From some experience abroad of the Citroen IICV “Normale,” I can fully endorse the view of your correspondent “LASC” that this commodious and economical model would have a wide popularity in this country as a family car. I must, however, disagree with his view (previously expressed by another writer in Motor Sport who certainly ought to know how to drive) that “it is virtually impossible to change from second to first without the most distressing noises and with the car almost stationary.” This is complete nonsense. It is a perfectly normal double-declutch change demanding only a little more than the normal amount of skill and judgment. Somewhat more difficult is the similar change on the six-cylinder model, where the gap between ratios is the exceptional and inexcusable one of 5.6 to 13.2 to 1. Even here, perfectly silent changes can be effected at speeds up to 25 mph.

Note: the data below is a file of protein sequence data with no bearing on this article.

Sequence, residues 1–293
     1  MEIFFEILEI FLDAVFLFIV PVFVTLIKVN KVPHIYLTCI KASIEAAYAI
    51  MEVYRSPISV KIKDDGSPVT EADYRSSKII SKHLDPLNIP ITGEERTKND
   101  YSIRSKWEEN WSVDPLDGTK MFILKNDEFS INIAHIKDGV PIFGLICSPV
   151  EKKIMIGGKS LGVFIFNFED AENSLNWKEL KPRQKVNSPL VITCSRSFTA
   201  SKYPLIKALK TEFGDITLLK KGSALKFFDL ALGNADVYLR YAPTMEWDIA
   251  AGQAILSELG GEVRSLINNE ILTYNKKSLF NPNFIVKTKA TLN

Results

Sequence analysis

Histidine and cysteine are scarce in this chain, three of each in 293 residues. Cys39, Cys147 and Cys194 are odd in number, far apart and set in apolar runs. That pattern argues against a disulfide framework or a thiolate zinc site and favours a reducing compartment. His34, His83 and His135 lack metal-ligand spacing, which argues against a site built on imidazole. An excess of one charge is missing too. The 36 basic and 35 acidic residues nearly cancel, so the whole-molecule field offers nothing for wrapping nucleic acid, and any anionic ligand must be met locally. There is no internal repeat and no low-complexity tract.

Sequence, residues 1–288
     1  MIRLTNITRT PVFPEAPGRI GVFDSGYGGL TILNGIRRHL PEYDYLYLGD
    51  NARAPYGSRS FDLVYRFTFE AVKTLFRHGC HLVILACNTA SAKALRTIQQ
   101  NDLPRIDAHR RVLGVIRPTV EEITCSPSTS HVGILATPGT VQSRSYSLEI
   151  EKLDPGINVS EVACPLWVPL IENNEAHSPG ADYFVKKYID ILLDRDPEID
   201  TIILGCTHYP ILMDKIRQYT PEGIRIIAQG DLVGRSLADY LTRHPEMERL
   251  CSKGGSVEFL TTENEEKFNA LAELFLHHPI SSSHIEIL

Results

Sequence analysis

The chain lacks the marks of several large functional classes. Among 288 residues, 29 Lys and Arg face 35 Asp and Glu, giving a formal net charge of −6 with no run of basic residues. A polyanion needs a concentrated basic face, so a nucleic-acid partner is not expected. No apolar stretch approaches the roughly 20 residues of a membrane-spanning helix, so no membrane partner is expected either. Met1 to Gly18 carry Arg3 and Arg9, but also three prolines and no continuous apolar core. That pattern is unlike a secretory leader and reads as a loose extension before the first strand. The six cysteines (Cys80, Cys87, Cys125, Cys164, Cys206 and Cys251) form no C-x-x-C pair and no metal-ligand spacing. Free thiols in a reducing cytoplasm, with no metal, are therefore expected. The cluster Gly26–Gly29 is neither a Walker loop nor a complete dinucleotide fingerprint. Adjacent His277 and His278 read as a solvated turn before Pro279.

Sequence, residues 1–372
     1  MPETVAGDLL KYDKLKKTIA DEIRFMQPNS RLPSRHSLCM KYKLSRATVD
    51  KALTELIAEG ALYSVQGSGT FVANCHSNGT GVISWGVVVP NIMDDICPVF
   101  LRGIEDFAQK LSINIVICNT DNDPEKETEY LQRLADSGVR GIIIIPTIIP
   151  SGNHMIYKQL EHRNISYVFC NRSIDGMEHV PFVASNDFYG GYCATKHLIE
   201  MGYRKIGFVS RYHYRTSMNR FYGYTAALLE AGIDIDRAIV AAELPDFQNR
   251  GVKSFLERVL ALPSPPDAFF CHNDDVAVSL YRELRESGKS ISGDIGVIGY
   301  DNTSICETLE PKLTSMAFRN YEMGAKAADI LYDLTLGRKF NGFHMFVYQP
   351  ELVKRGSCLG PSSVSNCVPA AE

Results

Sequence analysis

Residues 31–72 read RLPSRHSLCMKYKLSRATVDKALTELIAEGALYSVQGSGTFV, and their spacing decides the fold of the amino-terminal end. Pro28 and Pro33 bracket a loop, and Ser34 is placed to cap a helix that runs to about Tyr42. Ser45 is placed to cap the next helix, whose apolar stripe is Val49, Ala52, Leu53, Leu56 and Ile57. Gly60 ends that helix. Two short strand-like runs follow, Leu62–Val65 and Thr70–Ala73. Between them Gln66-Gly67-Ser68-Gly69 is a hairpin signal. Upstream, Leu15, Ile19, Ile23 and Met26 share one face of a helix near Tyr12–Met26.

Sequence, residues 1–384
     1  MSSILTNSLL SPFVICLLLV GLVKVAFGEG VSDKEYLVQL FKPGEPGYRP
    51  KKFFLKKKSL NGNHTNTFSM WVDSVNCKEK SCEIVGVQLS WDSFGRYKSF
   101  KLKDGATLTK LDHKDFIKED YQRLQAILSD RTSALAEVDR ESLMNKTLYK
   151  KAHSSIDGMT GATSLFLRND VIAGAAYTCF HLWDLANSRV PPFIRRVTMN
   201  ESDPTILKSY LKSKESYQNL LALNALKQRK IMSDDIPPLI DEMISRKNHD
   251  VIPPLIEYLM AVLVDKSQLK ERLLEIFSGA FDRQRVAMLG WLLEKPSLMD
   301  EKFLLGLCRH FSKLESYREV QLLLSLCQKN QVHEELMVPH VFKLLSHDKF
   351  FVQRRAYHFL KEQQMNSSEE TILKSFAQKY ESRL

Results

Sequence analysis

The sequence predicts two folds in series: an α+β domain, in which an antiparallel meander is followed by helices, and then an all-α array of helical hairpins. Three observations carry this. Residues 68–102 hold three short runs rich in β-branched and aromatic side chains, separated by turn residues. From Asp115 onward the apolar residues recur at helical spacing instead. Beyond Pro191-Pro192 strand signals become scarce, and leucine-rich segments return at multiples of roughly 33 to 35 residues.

It would be interesting to know why the “six” has this abysmally low bottom gear—substantially lower than the “four.” The excellent low-speed torque would make a bottom gear of 9.5 to 1 perfectly practicable and there would then be no need of a fourth gear. At present, between 20 and 30 mph, there is no correct ratio for maximum performance. For normal purposes, however, the 5.6 second is useful down to a walking speed, and the oddly assorted ratios do not prevent the six-cylinder Citroen from being, in my view; the finest fast tourer of all time.
I am, Yours, etc,
Cecil Clutton, London, SW1.